Browsing Journal of Range Management, Volume 40, Number 1 (January 1987) by Subjects
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Crude Terpenoid Influence on Mule Deer Preference for SagebrushSamples of current year's growth of leaves and stems were collected in February 1983 from basin big sagebrush (Artemisia tridentata Nutt. tridentata), Wyoming big sagebrush (A.t. wyomingensis Beetle and Young), mountain big sagebrush (A.t. vaseyana [Rydb.] Beetle), and black sagebrush (A. nova Nels.) on a mule deer (Odocoileus hemionus hemionus) winter range near Gardiner, Montana. Samples were from both lightly and heavily used plants (form classes) within each taxon. Crude terpenoids were separated into 3 groups: headspace vapors, volatile, and nonvolatile crude terpenoids. Compounds in each group are thought to stimulate the sensory organs of mule deer. Individual compounds were identified and quantified for comparison with preference ranks among taxa and between utilization form classes. Seven compounds were selected by discriminant analysis as indicators among the 4 taxa, with methacrolein + ethanol, ρ-cymene, and the sesquiterpene lactones the most probable preference determinants. Seven other compounds were found useful for separating plants within taxa into form classes. Chemical differences between the 2 form classes, however, were less distinguishable than were those among the 4 taxa.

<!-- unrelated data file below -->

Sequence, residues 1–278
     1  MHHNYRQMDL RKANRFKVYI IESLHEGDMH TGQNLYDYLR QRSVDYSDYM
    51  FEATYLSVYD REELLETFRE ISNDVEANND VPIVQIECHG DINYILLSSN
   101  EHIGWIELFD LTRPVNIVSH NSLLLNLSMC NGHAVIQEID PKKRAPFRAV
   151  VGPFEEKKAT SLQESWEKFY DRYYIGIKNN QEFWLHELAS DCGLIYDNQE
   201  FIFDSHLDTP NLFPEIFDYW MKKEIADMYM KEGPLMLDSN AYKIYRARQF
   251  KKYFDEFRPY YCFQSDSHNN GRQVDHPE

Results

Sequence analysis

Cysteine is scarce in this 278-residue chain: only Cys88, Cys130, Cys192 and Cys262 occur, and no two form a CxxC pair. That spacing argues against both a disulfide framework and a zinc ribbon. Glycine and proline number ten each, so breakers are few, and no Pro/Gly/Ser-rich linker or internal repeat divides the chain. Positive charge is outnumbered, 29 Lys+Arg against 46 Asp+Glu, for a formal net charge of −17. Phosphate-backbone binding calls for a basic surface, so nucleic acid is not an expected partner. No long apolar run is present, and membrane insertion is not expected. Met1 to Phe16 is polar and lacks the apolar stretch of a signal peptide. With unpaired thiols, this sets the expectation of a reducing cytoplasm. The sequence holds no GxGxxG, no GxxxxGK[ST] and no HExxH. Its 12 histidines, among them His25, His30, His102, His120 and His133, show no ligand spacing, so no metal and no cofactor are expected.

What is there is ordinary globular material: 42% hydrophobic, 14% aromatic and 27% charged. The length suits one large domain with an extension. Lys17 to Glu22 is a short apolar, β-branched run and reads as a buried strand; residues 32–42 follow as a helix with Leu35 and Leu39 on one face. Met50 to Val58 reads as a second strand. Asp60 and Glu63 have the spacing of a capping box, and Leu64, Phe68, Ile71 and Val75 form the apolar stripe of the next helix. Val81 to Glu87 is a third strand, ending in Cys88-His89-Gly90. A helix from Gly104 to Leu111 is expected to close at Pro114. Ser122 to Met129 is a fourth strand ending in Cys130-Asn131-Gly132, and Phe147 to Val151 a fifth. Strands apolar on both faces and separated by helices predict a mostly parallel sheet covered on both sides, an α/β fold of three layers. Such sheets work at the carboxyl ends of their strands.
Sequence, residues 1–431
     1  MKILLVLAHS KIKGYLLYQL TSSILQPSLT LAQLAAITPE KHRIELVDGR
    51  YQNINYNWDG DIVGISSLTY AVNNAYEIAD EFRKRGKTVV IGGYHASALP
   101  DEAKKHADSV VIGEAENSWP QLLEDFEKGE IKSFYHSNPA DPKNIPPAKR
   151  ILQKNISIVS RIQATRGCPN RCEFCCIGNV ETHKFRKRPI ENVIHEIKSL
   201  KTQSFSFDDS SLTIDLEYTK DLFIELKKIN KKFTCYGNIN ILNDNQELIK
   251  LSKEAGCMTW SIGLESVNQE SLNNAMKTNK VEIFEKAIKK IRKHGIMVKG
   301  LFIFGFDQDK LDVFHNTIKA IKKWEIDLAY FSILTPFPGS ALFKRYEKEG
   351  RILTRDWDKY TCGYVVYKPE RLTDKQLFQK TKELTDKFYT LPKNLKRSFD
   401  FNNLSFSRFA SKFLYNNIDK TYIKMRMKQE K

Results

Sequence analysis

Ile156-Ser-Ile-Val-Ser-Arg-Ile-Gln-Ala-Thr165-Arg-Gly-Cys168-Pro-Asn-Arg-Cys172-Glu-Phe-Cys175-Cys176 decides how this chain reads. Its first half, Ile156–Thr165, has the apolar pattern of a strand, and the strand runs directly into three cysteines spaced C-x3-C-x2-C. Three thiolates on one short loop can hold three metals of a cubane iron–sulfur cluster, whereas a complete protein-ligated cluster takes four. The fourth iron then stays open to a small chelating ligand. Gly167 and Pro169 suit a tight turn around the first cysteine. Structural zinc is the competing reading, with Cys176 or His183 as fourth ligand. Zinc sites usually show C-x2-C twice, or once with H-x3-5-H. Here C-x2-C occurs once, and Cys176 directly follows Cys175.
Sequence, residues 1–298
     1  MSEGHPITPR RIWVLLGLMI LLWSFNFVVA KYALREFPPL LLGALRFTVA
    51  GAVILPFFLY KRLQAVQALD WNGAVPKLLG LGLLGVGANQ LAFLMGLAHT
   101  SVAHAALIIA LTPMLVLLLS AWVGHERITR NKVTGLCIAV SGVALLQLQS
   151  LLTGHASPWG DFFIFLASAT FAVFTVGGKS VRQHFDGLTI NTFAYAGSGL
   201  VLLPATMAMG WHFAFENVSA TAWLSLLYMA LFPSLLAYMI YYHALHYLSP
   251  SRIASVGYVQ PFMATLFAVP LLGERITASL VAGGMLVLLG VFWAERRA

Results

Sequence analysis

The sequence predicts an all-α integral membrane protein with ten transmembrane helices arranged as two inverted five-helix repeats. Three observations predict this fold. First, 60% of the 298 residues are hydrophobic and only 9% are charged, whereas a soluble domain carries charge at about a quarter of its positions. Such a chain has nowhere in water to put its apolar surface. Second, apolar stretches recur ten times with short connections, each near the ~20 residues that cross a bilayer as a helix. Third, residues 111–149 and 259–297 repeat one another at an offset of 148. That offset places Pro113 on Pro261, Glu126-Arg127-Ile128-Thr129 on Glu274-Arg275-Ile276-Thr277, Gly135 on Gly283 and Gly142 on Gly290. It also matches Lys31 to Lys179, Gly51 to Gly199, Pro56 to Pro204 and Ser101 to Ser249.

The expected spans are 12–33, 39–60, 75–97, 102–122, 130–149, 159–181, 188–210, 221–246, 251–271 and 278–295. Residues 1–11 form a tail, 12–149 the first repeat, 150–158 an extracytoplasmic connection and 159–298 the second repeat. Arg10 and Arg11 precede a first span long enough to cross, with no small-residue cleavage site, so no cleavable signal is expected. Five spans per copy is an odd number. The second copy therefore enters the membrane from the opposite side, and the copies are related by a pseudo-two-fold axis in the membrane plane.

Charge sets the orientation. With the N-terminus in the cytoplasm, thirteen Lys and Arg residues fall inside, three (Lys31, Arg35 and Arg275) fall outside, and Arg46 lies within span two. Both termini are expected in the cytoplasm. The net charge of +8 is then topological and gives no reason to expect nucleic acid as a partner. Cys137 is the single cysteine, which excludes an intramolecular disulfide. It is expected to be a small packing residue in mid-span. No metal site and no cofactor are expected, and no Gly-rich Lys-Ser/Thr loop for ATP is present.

Seasonal Diets of Camels, Cattle, Sheep, and Goats in a Common Range in Eastern AfricaAlthough there have been several reports on the food habits of domestic herbivores in various semiarid regions of the world, there has been no previous report on the partitioning of forage resources by camels (Camelus dromedarius) and sheep (Ovis aries), goats (Capra hircus) and cattle (Bos indicus) using a common range. In the semiarid region of northern Kenya, the seasonal exploitation by these herbivores resulting from herding by the nomadic Rendille pastoralists makes the system for management of these rangelands very complex. Information on the food habits of animals utilizing a common range is important in offering a basis for assessing the usefulness of the range components to the animals. Consequently, food habits information becomes an important tool in making management decisions. Camels were predominantly browsers while cattle were predominantly grazers. Sheep and goats were intermediate feeders. Cattle browsed most during the 'green' season when the browse shoots were most abundant and easiest for their large mouth parts to harvest. Camels grazed most during the very dry season when most trees and shrubs had shed their leaves. The observed variations in food habits among the 4 herbivores suggest that they may require different management to obtain optimum production.